Wednesday, May 22, 2013

Book Review: The Girls’ Guide To Love and Supper Clubs

One of my friends on goodreads.com recommended Dana Bate’s new novel and so I thought I’d give it a read. I’m a foodie that dabbles in gourmet dinner parties, I live in the metro DC area, and I’m pretty interested in the underground restaurant scene that is all the rage lately. These circumstances and my love of breezy ‘chick lit’ meant that The Girls’ Guide To Love and Supper Clubs was sure to be a book I’d enjoy and it was.

The protagonist, Hannah, is a smart and resourceful young woman living in DC and working the typical think tank job. She’s dating a handsome, wealthy, and upper crust type of fellow who is employed in the political arena. From the outside, life seems perfect, but on the inside, she’s unhappy. Like many DC types that have come before her, Hannah actually wants no part of the political policy scene and would rather spend her time on other pursuits, namely cooking. Cue a round of applause from the true life wonk who dropped out of life on Capitol Hill to open up Cake Love (a gourmet bakery) in downtown DC. Of course her parents don’t support these aspirations (might as well tell them you want to be a rock star) and her boyfriend begins to tire of her less-than-high-society demeanor as well.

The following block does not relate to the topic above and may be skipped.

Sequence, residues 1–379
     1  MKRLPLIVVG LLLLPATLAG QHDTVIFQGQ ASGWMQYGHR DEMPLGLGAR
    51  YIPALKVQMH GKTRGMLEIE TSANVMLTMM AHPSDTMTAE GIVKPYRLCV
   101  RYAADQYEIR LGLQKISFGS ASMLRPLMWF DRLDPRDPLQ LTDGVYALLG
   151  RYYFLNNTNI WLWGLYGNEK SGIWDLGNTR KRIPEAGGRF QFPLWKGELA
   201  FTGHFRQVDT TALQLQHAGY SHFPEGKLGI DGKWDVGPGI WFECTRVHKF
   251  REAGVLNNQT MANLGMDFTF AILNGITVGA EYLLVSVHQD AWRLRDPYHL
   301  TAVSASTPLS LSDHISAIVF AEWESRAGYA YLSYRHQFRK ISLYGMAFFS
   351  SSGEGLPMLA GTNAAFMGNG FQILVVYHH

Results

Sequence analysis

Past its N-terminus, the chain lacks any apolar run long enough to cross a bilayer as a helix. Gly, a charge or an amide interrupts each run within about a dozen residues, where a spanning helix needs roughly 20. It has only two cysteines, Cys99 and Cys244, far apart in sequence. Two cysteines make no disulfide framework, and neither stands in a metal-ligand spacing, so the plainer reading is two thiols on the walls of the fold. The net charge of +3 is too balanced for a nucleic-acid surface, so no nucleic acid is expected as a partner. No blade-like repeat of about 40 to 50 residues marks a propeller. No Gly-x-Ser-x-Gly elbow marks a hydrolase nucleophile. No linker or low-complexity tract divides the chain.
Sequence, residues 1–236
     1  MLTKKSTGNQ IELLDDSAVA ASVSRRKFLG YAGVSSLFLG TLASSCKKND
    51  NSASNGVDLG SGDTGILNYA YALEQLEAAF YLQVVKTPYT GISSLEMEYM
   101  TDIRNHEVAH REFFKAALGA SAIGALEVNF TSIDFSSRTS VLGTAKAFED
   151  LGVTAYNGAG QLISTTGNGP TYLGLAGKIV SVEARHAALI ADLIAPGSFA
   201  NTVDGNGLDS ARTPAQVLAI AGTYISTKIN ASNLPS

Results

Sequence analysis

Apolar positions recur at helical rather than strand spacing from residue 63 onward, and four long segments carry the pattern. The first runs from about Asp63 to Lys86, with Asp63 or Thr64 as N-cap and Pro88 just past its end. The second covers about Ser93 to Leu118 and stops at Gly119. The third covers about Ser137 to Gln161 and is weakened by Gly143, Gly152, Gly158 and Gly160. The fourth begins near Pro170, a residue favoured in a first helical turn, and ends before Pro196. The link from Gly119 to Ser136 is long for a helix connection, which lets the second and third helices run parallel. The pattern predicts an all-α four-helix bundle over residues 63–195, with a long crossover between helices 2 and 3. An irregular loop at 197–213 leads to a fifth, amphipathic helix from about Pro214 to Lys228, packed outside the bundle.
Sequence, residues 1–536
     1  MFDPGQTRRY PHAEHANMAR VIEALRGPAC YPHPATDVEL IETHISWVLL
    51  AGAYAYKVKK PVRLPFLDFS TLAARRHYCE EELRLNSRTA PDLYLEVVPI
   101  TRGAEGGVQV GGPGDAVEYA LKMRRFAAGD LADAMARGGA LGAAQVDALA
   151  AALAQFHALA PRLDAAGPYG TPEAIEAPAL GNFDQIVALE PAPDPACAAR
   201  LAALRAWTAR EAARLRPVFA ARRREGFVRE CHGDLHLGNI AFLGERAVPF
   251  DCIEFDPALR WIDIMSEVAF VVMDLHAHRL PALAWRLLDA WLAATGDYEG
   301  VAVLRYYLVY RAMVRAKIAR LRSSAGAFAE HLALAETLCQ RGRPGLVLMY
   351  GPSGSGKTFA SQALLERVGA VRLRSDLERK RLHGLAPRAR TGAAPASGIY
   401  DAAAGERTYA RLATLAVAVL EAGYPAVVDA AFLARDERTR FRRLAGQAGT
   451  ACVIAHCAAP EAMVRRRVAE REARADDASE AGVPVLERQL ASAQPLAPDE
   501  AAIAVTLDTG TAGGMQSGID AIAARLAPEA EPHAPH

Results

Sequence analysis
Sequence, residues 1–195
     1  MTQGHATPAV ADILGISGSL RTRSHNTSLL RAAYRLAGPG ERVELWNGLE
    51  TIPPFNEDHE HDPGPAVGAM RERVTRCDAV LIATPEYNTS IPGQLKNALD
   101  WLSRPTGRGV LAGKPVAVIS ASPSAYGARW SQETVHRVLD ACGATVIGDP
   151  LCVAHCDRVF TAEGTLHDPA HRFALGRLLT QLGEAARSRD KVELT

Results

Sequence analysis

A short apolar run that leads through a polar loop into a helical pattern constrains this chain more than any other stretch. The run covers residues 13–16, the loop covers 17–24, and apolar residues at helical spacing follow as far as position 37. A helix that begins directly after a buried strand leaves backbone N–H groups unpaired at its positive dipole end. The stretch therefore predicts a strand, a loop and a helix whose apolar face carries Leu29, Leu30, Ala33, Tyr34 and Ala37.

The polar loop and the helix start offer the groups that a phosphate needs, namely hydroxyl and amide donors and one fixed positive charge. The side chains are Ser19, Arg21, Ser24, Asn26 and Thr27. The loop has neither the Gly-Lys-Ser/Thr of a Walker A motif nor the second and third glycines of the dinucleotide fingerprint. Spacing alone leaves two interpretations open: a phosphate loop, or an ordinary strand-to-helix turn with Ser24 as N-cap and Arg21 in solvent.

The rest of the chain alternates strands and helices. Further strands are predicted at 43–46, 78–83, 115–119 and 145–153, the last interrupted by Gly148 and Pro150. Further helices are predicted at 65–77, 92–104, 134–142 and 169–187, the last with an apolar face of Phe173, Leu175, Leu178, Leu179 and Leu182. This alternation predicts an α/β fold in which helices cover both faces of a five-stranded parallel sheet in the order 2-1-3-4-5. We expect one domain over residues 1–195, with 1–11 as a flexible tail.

It appears that something’s gotta give but Hannah isn’t quite ready to stand up to her parents or give up her dreams so she takes the route many would and finds a way to do it all without upsetting anyone, at least at first. As expected, things come crashing down spectacularly and she has to find a way to put everything right again.

It’s a great story, light reading, with a strong arc and happy ending (I love happy endings!). I never pick up on the clues in Sherlock Holmes stories and that always makes me feel dumb - no reader likes to feel dumb - so I also enjoyed feeling smart as Bate’s allowed the reader to tease out where Hannah’s relationship with her landlord was headed long before Hannah realized it.  My only criticism might be that Bate provided a less than convincing emotional conversion for one of the key characters at the end of the novel. I just don’t see it as plausible that a person would have such a dramatic change of heart (I don’t want to give away spoilers, but you’ll surely understand when you reach the final pages).

Overall recommendation: buy. Great beach reading.

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